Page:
People Power

It is sad commentary on modern political trends that the virtues that used to be ascribed to “the free world” are now increasingly ascribed to “democracy”. All the benefits that have accrued from Western culture – stunning technological progress, wonderful standard of living, basic freedoms – have been due to whatever protection has been afforded to individual rights: not to democracy.

Democracy, in the absence of protection for individual rights, is no better than any other form of coercive state power. The Serb who said he was fighting his former neighbours because he “didn’t want to have to become a Muslim” had a point. The majority – whoever that happens to be at the time, since all of us belong to some kind of minority – does all right, but pity the minorities whom the majority hates, fears, wants to rob or wants to enslave.

By the nature of man, no one has a right to violate the rights of another person. Which means, no one has a right to initiate force against another. The basic flaw of democracy is that its essence is majority rule, not individual rights. A democracy founded on the absolute of the collective vote, in which the majority is permitted to violate the rights of an individual, is a morally and philosophically invalid form of government. A democracy not limited by individual rights is simply a civilised form of gang warfare, in which the biggest gang takes what it wants from whomever it wishes. It breeds the type of politician whose idea of virtue is promising enough of someone else’s money, time or life to buy enough votes to get him into power.

The Altruist State

It is not surprising, then, that the path of evolution of a liberal democracy (one founded partially, but only partially, on the value of individual rights) is to a welfare state. When your absolute right to what you earn is not recognised, but the need of others is held as a valid claim over it; when politicians can buy power by promising to rob one hundred Peters to bribe ten thousand Pauls, a promise backed by the armed power of the State: then a welfare state is inevitable. An unholy ratchet results, in which more and more benefits have to be offered to win power, and once a benefit is granted, the loss of votes to anyone daring to take it away makes it exceedingly difficult to remove.

The moral justification behind all that is altruism, the claim that need is higher than justice. For that belief, no rational reason has ever been given. The preachers of altruism have stated it as a mystical absolute, based on nothing more than their feelings or the arbitrary claims and feelings of some long-dead prophet.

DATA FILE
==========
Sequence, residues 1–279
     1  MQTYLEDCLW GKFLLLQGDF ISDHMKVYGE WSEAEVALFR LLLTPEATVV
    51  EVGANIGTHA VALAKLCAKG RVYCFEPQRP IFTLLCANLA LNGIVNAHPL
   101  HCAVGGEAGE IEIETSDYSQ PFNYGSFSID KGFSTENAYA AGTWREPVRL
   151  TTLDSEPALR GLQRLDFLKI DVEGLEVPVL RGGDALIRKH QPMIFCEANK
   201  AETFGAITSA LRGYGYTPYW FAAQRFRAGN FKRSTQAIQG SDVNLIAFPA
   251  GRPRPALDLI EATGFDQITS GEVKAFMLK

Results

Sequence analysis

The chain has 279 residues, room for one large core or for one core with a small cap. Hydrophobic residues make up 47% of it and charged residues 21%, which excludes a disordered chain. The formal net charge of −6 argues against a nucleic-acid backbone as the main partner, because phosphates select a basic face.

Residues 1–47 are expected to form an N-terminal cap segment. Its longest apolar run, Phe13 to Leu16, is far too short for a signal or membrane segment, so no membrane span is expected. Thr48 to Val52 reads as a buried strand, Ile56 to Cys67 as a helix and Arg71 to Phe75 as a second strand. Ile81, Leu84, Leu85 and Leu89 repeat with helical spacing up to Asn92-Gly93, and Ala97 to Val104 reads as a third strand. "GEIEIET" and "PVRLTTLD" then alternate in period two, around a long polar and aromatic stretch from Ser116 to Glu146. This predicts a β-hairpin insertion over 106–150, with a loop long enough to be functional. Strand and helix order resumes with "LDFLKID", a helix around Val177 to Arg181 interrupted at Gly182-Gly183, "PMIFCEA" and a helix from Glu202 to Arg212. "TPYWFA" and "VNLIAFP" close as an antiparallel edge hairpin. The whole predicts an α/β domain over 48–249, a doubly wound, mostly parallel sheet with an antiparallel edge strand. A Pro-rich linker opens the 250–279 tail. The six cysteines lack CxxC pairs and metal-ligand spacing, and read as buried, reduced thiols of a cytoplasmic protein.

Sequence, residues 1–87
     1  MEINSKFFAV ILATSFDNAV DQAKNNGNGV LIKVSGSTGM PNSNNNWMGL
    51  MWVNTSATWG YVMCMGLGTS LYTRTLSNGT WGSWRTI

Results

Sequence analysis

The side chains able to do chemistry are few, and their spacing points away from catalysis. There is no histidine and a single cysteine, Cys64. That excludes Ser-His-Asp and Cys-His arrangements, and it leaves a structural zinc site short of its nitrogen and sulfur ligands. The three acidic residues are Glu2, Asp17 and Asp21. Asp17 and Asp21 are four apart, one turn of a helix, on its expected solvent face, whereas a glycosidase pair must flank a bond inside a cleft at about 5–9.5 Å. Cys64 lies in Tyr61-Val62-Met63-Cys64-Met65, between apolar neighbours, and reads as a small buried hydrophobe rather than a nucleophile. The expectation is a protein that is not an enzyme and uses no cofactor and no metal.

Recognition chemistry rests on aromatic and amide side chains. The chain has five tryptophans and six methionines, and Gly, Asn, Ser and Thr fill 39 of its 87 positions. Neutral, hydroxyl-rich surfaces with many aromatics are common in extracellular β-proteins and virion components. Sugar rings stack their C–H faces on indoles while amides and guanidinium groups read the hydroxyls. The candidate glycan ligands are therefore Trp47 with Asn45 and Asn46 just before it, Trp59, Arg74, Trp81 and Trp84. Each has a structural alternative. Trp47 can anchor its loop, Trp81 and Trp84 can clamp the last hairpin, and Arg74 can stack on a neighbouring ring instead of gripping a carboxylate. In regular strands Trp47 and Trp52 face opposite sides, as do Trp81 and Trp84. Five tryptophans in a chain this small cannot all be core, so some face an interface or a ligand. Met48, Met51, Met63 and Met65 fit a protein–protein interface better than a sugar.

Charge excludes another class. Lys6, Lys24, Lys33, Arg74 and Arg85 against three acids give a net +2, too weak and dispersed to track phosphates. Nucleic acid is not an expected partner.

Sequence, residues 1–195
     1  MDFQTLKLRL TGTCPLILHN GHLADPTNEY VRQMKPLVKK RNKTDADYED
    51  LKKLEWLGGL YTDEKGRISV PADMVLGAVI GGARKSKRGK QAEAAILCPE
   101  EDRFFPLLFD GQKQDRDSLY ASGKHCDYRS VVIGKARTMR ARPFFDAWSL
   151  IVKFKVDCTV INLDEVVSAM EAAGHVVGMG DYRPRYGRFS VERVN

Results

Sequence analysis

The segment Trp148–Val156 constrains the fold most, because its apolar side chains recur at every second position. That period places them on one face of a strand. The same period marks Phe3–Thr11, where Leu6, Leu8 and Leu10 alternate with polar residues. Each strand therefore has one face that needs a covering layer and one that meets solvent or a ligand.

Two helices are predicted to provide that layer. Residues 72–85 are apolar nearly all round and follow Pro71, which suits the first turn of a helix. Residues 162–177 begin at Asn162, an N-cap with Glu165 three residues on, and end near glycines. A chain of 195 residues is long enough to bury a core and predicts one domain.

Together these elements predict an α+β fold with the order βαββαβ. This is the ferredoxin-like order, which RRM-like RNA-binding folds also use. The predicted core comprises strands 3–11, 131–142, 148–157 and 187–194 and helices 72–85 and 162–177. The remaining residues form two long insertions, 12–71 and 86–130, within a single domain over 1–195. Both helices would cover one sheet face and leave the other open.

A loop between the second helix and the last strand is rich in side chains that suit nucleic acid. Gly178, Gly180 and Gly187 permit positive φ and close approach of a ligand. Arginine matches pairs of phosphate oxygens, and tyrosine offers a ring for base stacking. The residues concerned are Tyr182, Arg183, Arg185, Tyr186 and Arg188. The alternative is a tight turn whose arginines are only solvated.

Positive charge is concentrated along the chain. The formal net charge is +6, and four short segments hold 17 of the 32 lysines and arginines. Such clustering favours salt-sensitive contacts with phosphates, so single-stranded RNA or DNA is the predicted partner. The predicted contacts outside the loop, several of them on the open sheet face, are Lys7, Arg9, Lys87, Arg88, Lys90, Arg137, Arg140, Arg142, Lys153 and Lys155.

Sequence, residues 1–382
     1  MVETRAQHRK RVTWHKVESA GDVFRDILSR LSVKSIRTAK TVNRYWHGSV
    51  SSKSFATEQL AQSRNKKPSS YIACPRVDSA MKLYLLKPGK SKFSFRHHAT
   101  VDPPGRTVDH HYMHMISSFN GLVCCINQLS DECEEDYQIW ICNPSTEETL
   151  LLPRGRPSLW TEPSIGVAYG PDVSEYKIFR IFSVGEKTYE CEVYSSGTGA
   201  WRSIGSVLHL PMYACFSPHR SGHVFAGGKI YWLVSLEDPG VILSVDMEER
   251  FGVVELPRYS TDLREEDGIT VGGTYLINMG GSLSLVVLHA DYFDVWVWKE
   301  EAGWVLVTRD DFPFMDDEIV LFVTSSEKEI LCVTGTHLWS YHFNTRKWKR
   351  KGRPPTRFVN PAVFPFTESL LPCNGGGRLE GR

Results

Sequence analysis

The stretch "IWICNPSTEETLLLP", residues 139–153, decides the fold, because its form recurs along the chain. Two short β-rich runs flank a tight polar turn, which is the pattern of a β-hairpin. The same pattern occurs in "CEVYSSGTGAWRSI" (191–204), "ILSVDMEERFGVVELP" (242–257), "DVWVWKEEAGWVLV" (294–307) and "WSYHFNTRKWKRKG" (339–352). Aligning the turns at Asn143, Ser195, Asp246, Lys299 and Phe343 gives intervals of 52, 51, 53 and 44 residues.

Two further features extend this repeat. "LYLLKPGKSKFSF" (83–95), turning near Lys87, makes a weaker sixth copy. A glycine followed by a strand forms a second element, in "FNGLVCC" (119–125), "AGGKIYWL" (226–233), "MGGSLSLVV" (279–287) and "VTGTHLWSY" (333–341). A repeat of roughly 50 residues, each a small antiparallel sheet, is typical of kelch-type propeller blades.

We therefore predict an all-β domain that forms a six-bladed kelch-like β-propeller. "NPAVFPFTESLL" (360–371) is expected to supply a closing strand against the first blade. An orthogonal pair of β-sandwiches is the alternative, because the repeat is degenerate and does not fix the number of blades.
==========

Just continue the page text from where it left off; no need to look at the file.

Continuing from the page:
I have discussed altruism before (Philosophical Refections 13) and will do so again. For now suffice it to say that by the nature of reality it can only be your own life which is your highest value; and the fundamental virtue for dealing with other people, which is the only way that recognises their rights without violating your own, is justice. If you value a man’s person or struggle, then that is a valid reason for helping him, for you are helping him for the sake of your values. But if a man presents his naked need as a claim on you, saying that his need gives him a right to your life, by virtue of the fact that he has not earned what he wants but you have: then that is a claim you should never accept, let along make yourself. And if you do value a man’s person or struggle, then feel free to persuade others of the virtue of helping him out: but nothing can give you a right to force them to do so. And the most contemptible breed of politician is the one who claims the mantle of “generosity” for offering someone’s money to someone else, as if generosity can ever pertain to anything other than how you dispose of your own earnings.

Of the People, By the People, For the People

The kind of government which fulfils the nature of government demanded by the nature of man is a constitutional republic.

By that, I mean a democracy in which government officials are elected by the adult members of the population, but in which government power is strictly limited by a constitution. That constitution forbids the government from ever initiating force against any citizen for any reason, that is, it strictly limits government actions to running the armed forces, police and law courts.

It must be a democracy, because the government exists as the delegate of every person’s right to retaliatory force, and therefore every person must have a say in how that delegation is operated. Those people must be adult, in the sense of being mentally mature and competent enough to vote (at what age this occurs is another question). It must be limited by constitution, because the purpose of government is the protection of individual rights, therefore the violation of those rights is never valid no matter what 50.01% or 99.99% of the population wants, and must explicitly be forbidden.

Government is of the people, by its nature; should be by the people, from its basis in delegation; and must be for the people – for each individual person – and kept that way.

© 1996 Robin Craig: first published in TableAus.